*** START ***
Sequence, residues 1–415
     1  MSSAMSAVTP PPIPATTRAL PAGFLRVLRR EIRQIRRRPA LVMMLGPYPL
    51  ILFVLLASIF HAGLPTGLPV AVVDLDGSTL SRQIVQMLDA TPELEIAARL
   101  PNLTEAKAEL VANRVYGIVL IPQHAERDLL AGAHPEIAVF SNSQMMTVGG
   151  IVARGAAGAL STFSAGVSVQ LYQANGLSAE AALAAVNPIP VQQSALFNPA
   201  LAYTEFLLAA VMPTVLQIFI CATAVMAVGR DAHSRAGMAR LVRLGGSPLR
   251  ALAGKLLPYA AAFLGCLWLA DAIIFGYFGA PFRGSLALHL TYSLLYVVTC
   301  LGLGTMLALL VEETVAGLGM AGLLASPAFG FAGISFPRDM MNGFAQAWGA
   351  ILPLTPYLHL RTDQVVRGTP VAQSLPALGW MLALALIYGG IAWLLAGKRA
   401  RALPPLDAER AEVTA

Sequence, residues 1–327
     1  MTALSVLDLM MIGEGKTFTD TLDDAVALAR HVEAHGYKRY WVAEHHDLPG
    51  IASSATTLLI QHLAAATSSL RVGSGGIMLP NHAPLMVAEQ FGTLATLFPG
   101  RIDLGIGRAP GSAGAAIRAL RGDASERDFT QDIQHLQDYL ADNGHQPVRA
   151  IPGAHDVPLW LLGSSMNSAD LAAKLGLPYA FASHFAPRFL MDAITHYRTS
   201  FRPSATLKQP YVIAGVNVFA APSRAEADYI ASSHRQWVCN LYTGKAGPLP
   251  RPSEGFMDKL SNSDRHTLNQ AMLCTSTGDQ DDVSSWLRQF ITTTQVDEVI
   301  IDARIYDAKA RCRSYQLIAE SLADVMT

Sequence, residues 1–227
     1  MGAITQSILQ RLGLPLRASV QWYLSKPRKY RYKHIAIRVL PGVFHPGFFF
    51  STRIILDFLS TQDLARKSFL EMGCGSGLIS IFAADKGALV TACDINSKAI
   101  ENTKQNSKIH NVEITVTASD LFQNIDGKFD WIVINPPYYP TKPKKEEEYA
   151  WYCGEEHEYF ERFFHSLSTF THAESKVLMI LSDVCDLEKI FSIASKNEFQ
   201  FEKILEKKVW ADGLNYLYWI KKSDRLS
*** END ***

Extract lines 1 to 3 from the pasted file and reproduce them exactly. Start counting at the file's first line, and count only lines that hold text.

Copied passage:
Sequence, residues 1–415
     1  MSSAMSAVTP PPIPATTRAL PAGFLRVLRR EIRQIRRRPA LVMMLGPYPL
    51  ILFVLLASIF HAGLPTGLPV AVVDLDGSTL SRQIVQMLDA TPELEIAARL